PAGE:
In a sign of changing times, a U.S. oil refining company is converting one of its plants into a producer of clean fuel.
HollyFrontier Corp.’s Cheyenne refinery will stop using crude oil and be repurposed to pump out renewable diesel, which is typically made from soybean oil, recycled cooking oil and animal fats. That’s after processing margins plummeted on the collapse in fuel demand due to COVID-19-related lockdowns. Besides, the old facility’s maintenance costs were “uncompetitive,” and the government is promoting cleaner fuel production.
It’s the latest example of how the traditional fossil fuel industry is changing amid rising calls for the protection of the environment and increased demand for green sources of energy. Cheaper renewable energy projects have already led to decreasing coal output across the U.S., and now -- in the wake of oil’s historic crash – some fuel producers are grappling with diminished returns from turning crude into fuel.
“Demand for renewable diesel, as well as other lower carbon fuels, is growing and taking market share based on both consumer preferences and support from substantial federal and state government incentive programs,” Mike Jennings, chief executive officer of HollyFrontier, said in a statement Monday.
The company expects to spend $125 million to $175 million to re-purpose Cheyenne to produce about 90 million gallons per year of renewable diesel by the first quarter of 2022. The plant will stop consuming crude oil at the end of July this year, and 200 workers will be laid off, according to HollyFrontier.
The conversion plan comes as dozens of small refineries nationwide brace for a big spike in costs to comply with the Renewable Fuel Standard, which mandates they blend biofuel into gasoline or buy tradable credits to comply. For years, many small refineries have won exemptions from the mandate, but under a federal appeals court ruling in January, only refineries that have continually been granted waivers can count on getting them in the future.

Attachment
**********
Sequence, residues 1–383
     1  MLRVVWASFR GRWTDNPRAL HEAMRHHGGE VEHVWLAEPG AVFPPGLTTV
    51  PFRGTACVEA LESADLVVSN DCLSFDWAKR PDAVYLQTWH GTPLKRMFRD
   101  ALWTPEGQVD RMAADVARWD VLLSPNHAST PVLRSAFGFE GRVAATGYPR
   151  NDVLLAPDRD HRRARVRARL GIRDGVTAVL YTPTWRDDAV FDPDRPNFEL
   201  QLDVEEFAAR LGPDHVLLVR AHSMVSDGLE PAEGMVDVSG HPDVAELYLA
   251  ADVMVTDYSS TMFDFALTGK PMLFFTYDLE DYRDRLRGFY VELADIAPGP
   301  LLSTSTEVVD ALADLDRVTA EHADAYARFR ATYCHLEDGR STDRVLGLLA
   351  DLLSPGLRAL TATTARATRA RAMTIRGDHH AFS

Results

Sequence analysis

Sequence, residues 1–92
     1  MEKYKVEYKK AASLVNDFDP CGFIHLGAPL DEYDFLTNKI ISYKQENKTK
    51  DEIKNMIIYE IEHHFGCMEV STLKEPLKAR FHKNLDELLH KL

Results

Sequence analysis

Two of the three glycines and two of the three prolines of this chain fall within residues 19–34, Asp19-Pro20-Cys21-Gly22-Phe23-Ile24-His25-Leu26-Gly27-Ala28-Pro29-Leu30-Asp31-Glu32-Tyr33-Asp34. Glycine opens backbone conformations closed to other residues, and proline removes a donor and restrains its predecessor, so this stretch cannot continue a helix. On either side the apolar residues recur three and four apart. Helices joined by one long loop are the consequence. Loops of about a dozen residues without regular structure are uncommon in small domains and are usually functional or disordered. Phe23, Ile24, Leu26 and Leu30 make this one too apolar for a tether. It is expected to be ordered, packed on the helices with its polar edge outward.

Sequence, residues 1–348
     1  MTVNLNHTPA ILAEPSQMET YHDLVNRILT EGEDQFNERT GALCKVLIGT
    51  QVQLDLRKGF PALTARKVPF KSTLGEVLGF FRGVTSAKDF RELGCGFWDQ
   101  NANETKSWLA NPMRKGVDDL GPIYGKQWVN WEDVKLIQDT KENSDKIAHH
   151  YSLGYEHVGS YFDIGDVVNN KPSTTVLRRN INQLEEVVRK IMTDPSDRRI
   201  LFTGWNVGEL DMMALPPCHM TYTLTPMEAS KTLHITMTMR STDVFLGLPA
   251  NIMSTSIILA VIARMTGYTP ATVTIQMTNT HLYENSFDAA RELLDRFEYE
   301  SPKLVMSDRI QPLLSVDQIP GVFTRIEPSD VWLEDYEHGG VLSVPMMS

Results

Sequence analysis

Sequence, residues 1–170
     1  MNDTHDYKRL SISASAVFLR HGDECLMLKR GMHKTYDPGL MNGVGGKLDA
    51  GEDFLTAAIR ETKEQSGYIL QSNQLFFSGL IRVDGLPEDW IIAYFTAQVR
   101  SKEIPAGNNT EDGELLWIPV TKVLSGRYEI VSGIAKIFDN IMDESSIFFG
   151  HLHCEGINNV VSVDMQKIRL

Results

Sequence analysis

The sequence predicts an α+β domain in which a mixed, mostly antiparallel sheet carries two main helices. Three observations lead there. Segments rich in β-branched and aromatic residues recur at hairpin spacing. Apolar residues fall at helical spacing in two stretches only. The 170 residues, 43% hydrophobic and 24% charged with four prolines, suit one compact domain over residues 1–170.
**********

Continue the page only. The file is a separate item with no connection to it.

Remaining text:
HollyFrontier is effectively shedding the Cheyenne refinery’s biofuel-blending obligation under the RFS and transforming it into a plant that stands to benefit from the program.
Using the converted plant, HollyFrontier will be able to produce not just renewable diesel encouraged by the RFS but also compliance credits that can be sold separately.
However the transition comes with other costs, as fewer workers will be necessary to run the converted plant. The RFS is effectively forcing the closure of a plant that generated tax revenue and jobs for Wyoming and mandating its replacement be a smaller plant that employs far fewer people to sell fuel to California, said a refining industry official who asked not to be named discussing industry strategy.
Senator John Barrasso, a Republican from Wyoming, called the job cuts at the Cheyenne refinery “devastating.” Although the COVID-19 pandemic has hurt oil refineries, Barrasso also pinned blame on the Environmental Protection Agency’s handling of the Renewable Fuel Standard.
“EPA has failed to protect small refineries from unreasonable compliance costs under the Renewable Fuel Standard,” Barrasso said in an emailed statement. “Congress mandated the agency protect refineries under the Clean Air Act” and “relief from the RFS is critical to small refineries.”
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